GT: Outside of metal, I’m inspired a lot by old school classical music (and NES soundtracks…). I also listen to almost anything but rap and country music. I read a lot of stuff but I’m not very fond of literature and unrelated arts in general.    

8. What rules and canons do you follow when writing music? How much is this process free and artistic?  

GT: As I wrote earlier, we often try to go as melodic, dark and brutal as we can. Aside from this, we have no rules. We do as we like, we are our best fans and I think it’s very important. Music has much more soul when you do what you like than when you try to please others. 

9. Your music sounds complex, I guess it took quite some time to build everything! Tell us more about it!

GT: Most of our songs are written as two or three different “blocks”. It may take a few days or weeks but some songs (especially those on the next album) have been written over a ten-year span. Sometimes, you write the first part in 2002 and you finish the song in 2016. Contrary to many bands, we do not write by jamming. Most of the riffs of our songs are written by a lone guy in his bedroom/basement and yeah, it may sometimes take a lot of time to find the inspiration to finish a song.  

10. What’s your view on the value of music today? In what way does the abundance of music change our perception of it?  

GT: The “liberalization” of music has a lot to do with us recording albums so I won’t down talk it. It’s nice that everyone has its chance. It’s up to the public to choose what it likes. Bad music will die by itself.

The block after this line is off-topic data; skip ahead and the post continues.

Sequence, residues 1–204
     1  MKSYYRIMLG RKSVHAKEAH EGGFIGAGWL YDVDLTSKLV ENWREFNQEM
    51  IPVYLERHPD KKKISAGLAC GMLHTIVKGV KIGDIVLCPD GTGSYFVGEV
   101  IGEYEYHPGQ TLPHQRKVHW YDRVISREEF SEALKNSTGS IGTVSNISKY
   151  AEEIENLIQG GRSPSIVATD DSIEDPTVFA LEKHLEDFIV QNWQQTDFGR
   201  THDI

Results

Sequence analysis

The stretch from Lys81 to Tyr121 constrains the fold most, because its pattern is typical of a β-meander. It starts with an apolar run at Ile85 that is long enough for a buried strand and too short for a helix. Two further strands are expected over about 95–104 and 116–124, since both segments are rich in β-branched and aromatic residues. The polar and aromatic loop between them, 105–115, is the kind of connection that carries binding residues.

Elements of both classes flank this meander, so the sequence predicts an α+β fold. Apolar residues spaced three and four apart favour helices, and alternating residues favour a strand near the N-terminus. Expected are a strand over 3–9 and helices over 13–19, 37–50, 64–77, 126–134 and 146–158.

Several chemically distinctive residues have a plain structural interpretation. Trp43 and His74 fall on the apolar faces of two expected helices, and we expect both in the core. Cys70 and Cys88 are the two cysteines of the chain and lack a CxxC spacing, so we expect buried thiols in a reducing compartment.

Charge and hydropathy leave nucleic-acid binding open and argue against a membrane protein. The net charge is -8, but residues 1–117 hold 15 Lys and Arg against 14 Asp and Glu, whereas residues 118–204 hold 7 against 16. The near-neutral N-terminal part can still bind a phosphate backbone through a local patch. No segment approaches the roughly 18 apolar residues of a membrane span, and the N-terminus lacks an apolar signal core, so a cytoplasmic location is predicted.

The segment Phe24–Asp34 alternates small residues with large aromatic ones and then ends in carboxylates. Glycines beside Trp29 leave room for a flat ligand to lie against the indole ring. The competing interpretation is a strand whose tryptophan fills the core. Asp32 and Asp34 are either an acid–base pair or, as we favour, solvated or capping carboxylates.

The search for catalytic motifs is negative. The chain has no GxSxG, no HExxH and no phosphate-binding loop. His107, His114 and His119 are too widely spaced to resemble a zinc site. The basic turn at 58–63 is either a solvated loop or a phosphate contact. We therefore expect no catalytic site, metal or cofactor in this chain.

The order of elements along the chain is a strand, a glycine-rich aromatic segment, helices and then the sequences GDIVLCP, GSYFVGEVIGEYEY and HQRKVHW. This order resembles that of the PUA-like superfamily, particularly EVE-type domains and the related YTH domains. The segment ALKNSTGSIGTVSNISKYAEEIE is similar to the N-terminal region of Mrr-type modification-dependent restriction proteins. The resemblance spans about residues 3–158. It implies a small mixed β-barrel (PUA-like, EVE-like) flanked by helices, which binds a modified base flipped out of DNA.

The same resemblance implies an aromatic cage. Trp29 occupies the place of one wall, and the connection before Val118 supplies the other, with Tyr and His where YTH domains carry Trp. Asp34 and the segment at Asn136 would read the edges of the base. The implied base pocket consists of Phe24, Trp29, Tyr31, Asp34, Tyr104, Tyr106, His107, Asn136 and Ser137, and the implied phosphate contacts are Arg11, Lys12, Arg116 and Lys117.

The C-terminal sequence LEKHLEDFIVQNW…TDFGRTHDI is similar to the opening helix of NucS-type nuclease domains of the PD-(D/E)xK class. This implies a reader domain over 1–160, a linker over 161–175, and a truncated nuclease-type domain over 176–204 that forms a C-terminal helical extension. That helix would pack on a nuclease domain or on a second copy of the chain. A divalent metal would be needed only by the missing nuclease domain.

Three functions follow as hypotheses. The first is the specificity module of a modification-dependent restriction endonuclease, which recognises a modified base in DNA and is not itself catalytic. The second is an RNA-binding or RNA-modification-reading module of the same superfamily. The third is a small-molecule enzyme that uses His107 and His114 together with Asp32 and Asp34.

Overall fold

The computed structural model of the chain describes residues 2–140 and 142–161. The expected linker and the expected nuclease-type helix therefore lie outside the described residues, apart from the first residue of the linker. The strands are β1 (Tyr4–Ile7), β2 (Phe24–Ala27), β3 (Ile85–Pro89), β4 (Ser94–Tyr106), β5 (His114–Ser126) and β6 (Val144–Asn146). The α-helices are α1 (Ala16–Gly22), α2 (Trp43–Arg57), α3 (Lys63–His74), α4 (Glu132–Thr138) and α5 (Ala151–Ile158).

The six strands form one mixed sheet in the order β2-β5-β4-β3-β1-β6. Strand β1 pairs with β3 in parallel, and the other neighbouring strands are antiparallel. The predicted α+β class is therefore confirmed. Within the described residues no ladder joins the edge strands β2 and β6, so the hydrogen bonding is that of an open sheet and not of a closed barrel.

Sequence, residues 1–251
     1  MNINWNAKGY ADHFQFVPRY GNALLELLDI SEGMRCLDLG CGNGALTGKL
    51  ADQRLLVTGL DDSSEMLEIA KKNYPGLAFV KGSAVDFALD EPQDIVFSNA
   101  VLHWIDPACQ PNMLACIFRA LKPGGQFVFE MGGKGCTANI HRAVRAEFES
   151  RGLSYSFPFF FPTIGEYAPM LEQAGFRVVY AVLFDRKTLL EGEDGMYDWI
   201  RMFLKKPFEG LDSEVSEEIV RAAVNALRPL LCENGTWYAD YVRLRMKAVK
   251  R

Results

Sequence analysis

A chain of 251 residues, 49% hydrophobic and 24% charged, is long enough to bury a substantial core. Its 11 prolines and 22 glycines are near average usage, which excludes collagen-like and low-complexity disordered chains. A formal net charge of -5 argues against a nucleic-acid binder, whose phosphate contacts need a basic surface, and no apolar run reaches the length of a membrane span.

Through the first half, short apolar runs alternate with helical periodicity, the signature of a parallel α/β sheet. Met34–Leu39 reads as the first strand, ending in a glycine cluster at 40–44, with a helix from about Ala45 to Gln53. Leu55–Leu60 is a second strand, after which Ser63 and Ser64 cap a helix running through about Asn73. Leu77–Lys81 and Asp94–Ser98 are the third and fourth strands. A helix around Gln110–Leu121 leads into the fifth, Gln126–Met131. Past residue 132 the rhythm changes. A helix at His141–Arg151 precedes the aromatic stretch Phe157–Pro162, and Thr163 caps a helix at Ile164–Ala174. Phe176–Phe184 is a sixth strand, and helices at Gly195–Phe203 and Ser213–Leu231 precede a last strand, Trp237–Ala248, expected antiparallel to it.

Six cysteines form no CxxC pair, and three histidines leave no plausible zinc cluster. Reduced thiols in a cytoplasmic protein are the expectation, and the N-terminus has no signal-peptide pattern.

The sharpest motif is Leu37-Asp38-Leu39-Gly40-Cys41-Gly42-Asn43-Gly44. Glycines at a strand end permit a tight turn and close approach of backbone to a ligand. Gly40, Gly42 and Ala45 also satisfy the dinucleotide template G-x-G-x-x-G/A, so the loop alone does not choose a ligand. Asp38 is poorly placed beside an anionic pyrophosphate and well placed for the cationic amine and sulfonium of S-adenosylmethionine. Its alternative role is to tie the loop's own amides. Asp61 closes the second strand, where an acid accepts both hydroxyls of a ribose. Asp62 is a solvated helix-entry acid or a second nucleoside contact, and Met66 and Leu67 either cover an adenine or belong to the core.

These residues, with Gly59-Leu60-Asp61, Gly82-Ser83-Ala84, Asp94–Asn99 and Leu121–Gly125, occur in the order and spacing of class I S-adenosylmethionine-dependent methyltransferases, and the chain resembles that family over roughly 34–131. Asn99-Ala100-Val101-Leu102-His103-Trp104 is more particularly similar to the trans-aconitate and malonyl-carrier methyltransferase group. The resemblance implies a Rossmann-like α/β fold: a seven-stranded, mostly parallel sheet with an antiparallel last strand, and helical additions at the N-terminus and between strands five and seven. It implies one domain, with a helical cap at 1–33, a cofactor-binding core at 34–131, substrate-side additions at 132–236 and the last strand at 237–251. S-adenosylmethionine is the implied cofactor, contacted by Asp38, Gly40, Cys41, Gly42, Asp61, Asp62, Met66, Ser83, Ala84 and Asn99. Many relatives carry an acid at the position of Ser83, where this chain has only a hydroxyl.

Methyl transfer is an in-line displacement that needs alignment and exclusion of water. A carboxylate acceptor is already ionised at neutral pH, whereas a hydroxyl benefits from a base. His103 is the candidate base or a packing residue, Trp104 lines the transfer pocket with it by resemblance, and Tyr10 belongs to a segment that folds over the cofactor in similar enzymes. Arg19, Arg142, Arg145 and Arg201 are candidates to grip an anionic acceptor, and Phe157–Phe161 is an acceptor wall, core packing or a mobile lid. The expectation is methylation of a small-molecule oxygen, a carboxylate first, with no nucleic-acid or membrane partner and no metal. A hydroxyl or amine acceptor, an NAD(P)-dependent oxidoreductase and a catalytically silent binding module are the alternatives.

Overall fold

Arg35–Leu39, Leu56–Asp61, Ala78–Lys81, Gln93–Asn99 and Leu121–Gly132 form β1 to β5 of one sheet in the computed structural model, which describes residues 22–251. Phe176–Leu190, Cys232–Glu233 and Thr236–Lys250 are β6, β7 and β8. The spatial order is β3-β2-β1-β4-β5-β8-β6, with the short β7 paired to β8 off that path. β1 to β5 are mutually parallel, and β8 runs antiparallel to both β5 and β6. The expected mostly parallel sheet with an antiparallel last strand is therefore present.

GR : It does change the perception of value quite drastically. At least dilute it a lot with generic and uninspired music, but it makes finding the one that resonates with you much more satisfying. However I believe the widespread availability of recorded music devalued the perceived worth of live performances. There is something special you can only feel live with both musicians and audiences sharing a space, synchronized rhythms and harmony weaving emotional tension and releases. It is both invigorating and soothing to me and many others who attend or perform extreme music. It can be rather therapeutic when it is authentic and you can relate. 

11. If we had to classify you in a certain genre, would you say that you are a Black / thrash Metal band?  Do you agree with this characterization? Who composes the music of the tracks and what bands do you consider having a significant effect on your sound?  

GT: One of the critiques of our first album labelled it “blackened trash” and I like it a lot. Our next album is more into “melodic thrashy black” so I guess that “melodic black thrash” maybe a nice broad label. My strongest inspirations, aside from classical music, are old school thrash (Metallica, Megadeth, Slayer), melodic death (Death, At the Gates) and all kinds of dark stuff David could have made me listen to (like Burzum and early Cradle of Filth).